The World is Shifting to Customer-Centricity

Think of your own experiences interacting with your favorite businesses. You probably like them because they make it easy to do business with them, communicate with you through your preferred methods, and make recommendations at the right times. 

Over the last two years, customers’ wants and needs have changed. Their purchasing habits have changed. Even for people committed to shopping locally, they want to find out what a store has available online and often would prefer home delivery. 

I’m a passionate advocate for locally owned businesses, AND am not interested in driving around to find out what is available.

Are you losing customers and orders to Amazon or chains because you are not meeting customers’ needs today?

It is interesting to see how the customer-centric approach has turned a 360 – what once seemed like an old way of reaching customers has become the norm again.

What is a Customer-Centric Approach?

It’s putting your customer at the center of your business strategy. Who are your best customers? What do they need? How do they want to receive what you offer?

Up until the 1950’s or so, milk was delivered to your door every morning. As prices, wages and transportation options increased, people started going to a local grocery store to buy milk and other items when they needed them, rather than having them delivered to their door. 

Now, thanks to Amazon, and accelerated during the pandemic, we’ve gone back to wanting to have everything come to our home. Meal delivery companies have flourished over the last couple of years. Farm collectives organized and increased distributing fresh food boxes in urban centers.

We have UberEats, Door Dash and Skip the Dishes (and possibly more!) as well as delivery apps for groceries.

It’s a similar situation for medical care. Years ago, doctors used to make house calls. This model became almost obsolete when office-centered medicine and mega health systems took over. By 1980, house calls had decreased to less than 1% of doctor-patient interactions. Patients had to leave their homes to wait in doctors’ waiting rooms at the clinic, and then visit the pharmacy, even if they just wanted to refill a prescription.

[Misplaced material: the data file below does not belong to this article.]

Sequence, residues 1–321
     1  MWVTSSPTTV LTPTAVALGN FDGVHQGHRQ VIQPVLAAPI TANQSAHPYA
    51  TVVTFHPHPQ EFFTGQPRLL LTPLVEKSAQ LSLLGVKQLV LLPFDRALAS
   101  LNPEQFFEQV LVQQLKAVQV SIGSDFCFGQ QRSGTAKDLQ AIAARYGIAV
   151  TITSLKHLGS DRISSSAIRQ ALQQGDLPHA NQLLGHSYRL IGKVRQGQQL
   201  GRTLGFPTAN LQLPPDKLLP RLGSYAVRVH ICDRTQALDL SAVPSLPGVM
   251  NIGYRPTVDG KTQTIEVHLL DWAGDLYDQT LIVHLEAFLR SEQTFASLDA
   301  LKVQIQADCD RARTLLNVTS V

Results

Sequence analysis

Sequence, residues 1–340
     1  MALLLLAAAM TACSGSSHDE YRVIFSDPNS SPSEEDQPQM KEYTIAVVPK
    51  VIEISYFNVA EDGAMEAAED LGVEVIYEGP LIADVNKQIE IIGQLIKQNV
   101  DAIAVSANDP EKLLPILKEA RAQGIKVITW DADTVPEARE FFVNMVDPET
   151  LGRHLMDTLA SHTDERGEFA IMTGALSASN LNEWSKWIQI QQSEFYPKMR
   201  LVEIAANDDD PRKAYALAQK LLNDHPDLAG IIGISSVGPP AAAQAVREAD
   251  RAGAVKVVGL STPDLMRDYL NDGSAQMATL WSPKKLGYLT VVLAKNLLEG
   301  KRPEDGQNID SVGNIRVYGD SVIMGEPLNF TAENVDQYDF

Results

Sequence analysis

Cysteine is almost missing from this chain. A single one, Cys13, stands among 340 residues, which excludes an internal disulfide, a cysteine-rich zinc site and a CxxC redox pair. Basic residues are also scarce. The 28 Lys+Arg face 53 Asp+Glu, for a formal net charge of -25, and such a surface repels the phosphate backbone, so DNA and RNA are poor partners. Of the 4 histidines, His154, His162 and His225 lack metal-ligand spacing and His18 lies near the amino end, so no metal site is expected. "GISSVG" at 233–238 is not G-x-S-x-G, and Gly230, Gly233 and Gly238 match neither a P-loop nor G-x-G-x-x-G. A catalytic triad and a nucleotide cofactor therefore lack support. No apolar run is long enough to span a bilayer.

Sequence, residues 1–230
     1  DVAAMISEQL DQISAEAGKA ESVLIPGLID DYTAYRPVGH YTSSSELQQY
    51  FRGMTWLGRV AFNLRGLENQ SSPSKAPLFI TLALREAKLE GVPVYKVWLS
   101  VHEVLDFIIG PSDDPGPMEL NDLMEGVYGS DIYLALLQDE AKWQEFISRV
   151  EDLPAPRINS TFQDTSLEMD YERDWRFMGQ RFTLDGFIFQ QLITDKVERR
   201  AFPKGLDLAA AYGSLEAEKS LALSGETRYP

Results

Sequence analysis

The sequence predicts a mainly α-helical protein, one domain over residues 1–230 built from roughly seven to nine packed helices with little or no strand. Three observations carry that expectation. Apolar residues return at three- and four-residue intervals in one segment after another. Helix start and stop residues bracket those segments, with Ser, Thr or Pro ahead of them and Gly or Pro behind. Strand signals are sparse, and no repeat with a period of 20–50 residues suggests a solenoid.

Today, house calls are making a comeback, not just because of the Covid-19 pandemic but also by the need to address multiple barriers to healthcare access. Even medication adherence platforms engage patients, physicians, and pharmacists to work together to test and treat symptoms. The evolving habits of patients using smartphone apps and on-demand devices also led to the growth of on-demand, app-based doctor house calls as a viable alternative. Medicine is moving toward being patient-centric again.

People have come to expect technologies that make it easier to find and get what they want. What does all of this mean for your business?

Are you meeting your customers where they are?

Are you capturing, tracking and analyzing your customer data? Do you and your team know who your best customers are? Does your team pay attention to what your customers are saying is most important to them (Hint: What they appreciate and say thank you for)? 

Is it easy for them to find what you offer and purchase from you online, even if your market is local? Do you offer home delivery services? How often do your customers hear from you and special offers tailored to them?

Personalize Your Digital Marketing

Customers want an experience that makes them feel known and appreciated. Where are your customers? Do they use social media (most do!). Are you posting interesting information and tips? Are you ‘bragging’ about what you create?

People want to hear from you! Especially when it appeals to their interests. Bistro duPain is a small french bakery that opened May 2020. They have built a thriving base of raving fans largely by posting delicious mouth watering goodies on Facebook and Instagram. They still don’t have a website! Any specials or changes in operating hours are posted on their social channels, and they are very responsive to messages on Messenger.

And while none of us want more emails, I do enjoy receiving information or special offers from companies I like and frequent. I want to know if they have a big sale coming up. I’d like to hear about new products they are carrying. Make it all about what’s of value for your customers and people will look forward to emails from you.

Speak Their Language

The better you get to know and understand your customer, the more informed decisions you’ll make that will help you build a stand-out brand. Pay attention (and train your team to pay attention) to the words your customers use.

Pay attention to feedback

Every interaction with a customer communicates what they like, what they don’t like, and what’s important to them. What are common questions that get asked? What are products customers don’t understand? Or don’t know where to find? 

Ask lots of questions – what do your customers like? What would they like to see more of? What are their challenges? Encourage feedback and suggestions. Your customers feeling comfortable to share with you and your team is a gold mine for the business. Solving your customers’ problems is your company’s opportunity for growth.

What customers want and are looking for has changed over the last few years. Have you adjusted your business to meet their needs?

Are you ready to increase customer loyalty, team engagement and profitability?
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